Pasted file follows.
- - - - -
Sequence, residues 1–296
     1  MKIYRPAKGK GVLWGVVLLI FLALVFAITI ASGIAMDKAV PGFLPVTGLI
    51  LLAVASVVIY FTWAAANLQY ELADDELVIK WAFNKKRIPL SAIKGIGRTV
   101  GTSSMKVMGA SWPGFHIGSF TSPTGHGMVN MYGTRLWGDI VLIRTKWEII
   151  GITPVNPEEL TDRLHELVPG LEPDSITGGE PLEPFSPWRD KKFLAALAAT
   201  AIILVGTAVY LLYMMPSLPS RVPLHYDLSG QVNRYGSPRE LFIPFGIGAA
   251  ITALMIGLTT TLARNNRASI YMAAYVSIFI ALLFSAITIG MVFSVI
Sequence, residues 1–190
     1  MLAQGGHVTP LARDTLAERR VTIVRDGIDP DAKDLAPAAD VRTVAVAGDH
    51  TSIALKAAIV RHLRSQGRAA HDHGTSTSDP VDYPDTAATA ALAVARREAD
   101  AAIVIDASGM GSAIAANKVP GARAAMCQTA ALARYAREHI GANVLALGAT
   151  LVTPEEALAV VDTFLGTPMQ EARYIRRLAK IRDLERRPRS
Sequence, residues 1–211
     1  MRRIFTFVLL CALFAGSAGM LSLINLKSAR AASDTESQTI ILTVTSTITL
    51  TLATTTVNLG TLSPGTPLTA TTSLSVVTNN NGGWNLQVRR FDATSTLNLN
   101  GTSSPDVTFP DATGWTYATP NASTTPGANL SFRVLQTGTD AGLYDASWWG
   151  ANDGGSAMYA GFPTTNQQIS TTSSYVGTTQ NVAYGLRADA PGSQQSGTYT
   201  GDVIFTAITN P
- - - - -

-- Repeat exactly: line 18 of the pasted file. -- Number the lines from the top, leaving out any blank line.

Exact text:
   201  GDVIFTAITN P